A more challenging year for South Africa's banks in 2020

By Miyelani Mkhabela Time of article published Apr 2, 2020

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JOHANNESBURG – Fitch Ratings has downgraded the long-term issuer default ratings (IDRs) and viability ratings (VRs) of five South African banks – Absa, FirstRand, Investec, Nedbank and Standard Bank – to "BB" and "bb", respectively. The Outlook on all the IDRs is negative. Capitec Bank as a developing bank, mainly focusing on basic retail banking was not downgraded.

All South African banks will continue to operate. 

Fitch has taken similar rating actions on the long-term IDRs and VRs of four South African bank holding companies, namely Absa Group, Investec, Nedbank Group and Standard Bank Group. All national long-term ratings and debt ratings (where applicable) have also been downgraded. The outlook on the national long-term ratings is revised to negative from stable.

Fitch believes that the South African operating environment is particularly exposed to the Covid-19 pandemic because of its highly dense and vulnerable communities, and heightened macro-economic risk from falling commodity prices, disruption to tourism, mining activity and manufacturing, as well as pressure on the country's public finances.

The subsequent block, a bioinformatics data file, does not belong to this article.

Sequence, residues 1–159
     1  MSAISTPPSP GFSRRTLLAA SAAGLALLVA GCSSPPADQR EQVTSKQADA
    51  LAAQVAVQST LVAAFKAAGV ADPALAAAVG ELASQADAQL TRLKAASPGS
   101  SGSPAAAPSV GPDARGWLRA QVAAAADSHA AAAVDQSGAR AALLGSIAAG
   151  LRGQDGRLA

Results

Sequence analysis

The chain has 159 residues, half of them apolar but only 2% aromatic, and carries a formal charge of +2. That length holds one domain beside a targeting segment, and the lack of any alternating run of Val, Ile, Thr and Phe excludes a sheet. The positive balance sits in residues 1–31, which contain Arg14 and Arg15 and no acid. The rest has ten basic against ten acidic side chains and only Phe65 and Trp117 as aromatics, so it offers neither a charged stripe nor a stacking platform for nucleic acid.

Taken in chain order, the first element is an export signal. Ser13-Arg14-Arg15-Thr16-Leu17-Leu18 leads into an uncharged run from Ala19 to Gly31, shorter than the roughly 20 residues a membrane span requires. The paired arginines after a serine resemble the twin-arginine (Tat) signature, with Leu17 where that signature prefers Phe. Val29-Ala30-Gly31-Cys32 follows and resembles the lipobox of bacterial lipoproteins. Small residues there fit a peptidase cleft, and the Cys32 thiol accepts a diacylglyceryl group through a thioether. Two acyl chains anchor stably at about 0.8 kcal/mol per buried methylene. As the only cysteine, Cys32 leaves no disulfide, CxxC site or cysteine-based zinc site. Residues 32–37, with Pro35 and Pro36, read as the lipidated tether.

South African public and private sectors need to have a national vision to address the economic challenge of unemployment, poverty and inequality. Restructuring the economy and building an equal society 25 years after democracy will benefit the country with an expanded future economy. This period continues to force South Africa to reflect on the disunity and misalignment of vision between government and corporate South Africa. Restructuring the economy is a solution for South Africa to address unemployment, poverty and inequality.

Fitch expects South African banks to face multiple challenges in the near team, including a decline in client activity, lower interest rates, which will put pressure on margins, and rising credit losses. These factors will increase risks to banks' earnings, asset quality and capitalisation. Debt-relief measures announced by banks will not only affect margins but also mask the extent of asset-quality deterioration.

The SA Reserve Bank (SARB) recently cut the repo rate by 100 basis points to 5.25 percent and announced a range of additional liquidity support measures, including government bond purchases in the secondary market, to increase market liquidity.

SARB is likely to cut the repo rate in the next Monetary Policy Committee meeting after the markets 2020 first term results and as part of protecting the economy, further relaxation of bank rules to ensure the flow of credit into the economy is possible. The 2020 economic forecasts risks are higher than what all institutional investors and global economists predicted. Investors will have lower returns than the expected interest rate of returns in the majority of sectors and better to those who applied derisking models that protect assets over the global financial crisis.

Miyelani Mkhabela says South African public and private sectors need to have a national vision to address the economic challenge of unemployment, poverty and inequality. Photo: Supplied